In the Bag Promotions finds success by going old school

In The Bag Promotions Ribbon Cutting The Readings held a formal ribbon cutting to celebrate the showroom’s opening.

Even though Lori and Dan Reading’s Boise, Idaho-based distributorship is called In the Bag Promotions (UPIC: I644966), the husband-and-wife business partners think way outside the bag when it comes to marketing their products and services.

With the promotional products industry moving toward less personalized internet-based transactions, the Readings decided to buck the trend by leveraging their customer service strengths and creating a showroom space that would wow their existing customers—and bring in new ones.

If You Build It…

When In the Bag Promotions bought distributor Bright Advertising in 2012, it created a growth opportunity, and Dan joined Lori in the business after 32 years in the food service industry. They brainstormed ways to expand the business and decided that a well-designed and organized showroom should be an integral part of their strategy.

“Before, we went to visit clients in their offices. But that didn’t allow us to showcase everything we can do because you can’t bring everything with you. We wanted a base where people could see and feel and touch … it’s really helped to open people’s minds and show that promotional products are more than just pens and coffee mugs,” says Lori.

Once they decided on the showroom idea, they needed a new space. Their search ended when they found a stand-alone dentist’s office with high ceilings and an open reception area that would make an ideal storefront showroom. When the space was ready, the next step was figuring out how to organize the showroom and make it visually appealing.

“We went with a less-is-more strategy and decided to segment the showroom into four areas—image, brand, promote and recognize. We have items displayed by color to inspire ideas, but most are hidden in drawers for a retail-oriented feel,” says Lori. She finds that many of their customers now prefer to come to the showroom and go through the drawers for new ideas. Suppliers who come in are always happy to provide samples for the showroom because they want their products displayed.

The T-Shirt Machine

“Lori saw t-shirts displayed in PVC pipe somewhere and that inspired her to come up with the idea to promote color by making it look like it was pouring into empty paint cans. I do home improvement projects and created a display piece that resembles a machine spilling liquid color into paint cans.” Dan says his creation, called the T-Shirt Machine, is “a great conversation starter.”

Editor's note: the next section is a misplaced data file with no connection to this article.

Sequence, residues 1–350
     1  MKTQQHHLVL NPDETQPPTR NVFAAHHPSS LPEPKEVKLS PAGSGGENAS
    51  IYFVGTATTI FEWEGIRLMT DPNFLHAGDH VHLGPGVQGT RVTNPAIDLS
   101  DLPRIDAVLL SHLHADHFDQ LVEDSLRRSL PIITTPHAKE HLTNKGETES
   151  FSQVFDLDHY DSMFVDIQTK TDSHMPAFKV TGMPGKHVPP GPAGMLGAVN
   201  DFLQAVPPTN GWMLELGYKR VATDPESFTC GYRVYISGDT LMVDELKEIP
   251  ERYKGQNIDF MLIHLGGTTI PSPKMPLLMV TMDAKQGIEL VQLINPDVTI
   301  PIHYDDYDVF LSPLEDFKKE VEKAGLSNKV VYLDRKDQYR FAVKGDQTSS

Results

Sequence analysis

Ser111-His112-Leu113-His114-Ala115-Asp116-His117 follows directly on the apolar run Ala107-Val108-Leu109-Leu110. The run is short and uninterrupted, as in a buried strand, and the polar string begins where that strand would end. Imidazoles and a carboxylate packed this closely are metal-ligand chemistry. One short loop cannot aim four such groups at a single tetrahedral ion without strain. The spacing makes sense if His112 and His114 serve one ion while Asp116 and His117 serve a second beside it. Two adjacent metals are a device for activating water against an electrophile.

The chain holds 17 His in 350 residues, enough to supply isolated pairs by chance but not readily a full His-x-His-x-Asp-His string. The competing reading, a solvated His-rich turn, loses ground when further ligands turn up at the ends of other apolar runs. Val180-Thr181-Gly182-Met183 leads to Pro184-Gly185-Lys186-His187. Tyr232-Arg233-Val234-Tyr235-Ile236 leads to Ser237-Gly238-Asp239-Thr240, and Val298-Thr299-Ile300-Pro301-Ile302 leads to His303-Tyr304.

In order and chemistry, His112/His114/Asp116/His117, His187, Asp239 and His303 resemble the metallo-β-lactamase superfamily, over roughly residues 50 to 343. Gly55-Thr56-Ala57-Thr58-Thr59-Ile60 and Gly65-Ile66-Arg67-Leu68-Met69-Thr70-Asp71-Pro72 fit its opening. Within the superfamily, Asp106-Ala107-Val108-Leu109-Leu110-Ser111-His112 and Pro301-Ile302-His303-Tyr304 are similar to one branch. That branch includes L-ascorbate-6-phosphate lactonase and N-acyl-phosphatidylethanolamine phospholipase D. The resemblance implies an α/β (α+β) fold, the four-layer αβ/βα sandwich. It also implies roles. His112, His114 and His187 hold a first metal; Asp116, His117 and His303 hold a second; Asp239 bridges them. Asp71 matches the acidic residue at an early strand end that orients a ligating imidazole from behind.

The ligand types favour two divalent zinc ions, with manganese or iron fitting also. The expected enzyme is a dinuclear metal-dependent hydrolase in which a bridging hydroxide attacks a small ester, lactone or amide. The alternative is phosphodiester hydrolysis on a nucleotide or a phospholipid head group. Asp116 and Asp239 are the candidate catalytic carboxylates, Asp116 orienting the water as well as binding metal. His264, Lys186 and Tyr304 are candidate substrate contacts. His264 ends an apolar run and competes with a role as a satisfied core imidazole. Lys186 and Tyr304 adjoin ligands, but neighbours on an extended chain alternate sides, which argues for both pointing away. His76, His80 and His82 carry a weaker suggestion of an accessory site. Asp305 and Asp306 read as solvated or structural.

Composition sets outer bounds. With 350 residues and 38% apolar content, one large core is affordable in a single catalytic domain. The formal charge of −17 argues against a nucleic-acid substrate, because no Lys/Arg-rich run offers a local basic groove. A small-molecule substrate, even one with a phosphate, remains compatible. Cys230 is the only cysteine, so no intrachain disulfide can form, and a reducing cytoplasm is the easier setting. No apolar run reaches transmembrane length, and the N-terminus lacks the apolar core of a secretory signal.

The eye-catching display will be featured on their customized SanMar catalog cover this fall, providing even more marketing opportunity for the showroom.

In the Bag Promotions Showroom The clean, organized and colorful showroom (with the T-Shirt Machine on the back wall) is ready to inspire In the Bag Promotions’ customers.

The Showroom Effect

The Readings say the showroom has had a positive effect on business and they now have a part-time employee specifically dedicated to maintaining it. But once you’ve got a great showroom, how do you convince customers to come to you?

“It’s a challenge,” Dan says. “We’ve had to find creative ways to entice them to come in.”

Often, however, the showroom helps turn drop-in visitors or curious tourists into new customers.

“A guy from a government agency came in to talk to us about new commuter campaigns, but when he got here he was so blown away that now he is a very good customer and he referred us to others,” Dan says. “That’s the impact of being here.”

Six Ways To Get Customers To Visit Your Showroom

1. Ship a client’s order to your office occasionally, not directly to  the client. Call the client and offer to bring the products to them or invite them to come pick up the item and check out the showroom.

2. Offer lunch. “For larger clients, we invite them to come during the lunch hour and we provide a small lunch, such as sandwiches, as a convenience,” says Lori Reading.

3. Share your space. By offering the use of their conference room to nonprofits that don’t have any meeting space, the Readings bring in new potential customers.

4. Offer prizes. “To thank our clients for visiting, we ask them if they’d like to spin for a prize on the spinning wheel or take a turn on the Plinko board to choose an [In the Bag Promotions logoed] prize. We give nice prizes and they love it. It reinforces what promotional products are all about,” Lori says.

5. Celebrate your customers. The Readings have a large chalkboard in their conference room where they recreate the logo of visiting clients.

6. Host an annual event. This year In the Bag Promotions is hosting a VIP tailgating barbecue for their best customers—with a showroom tour included, of course.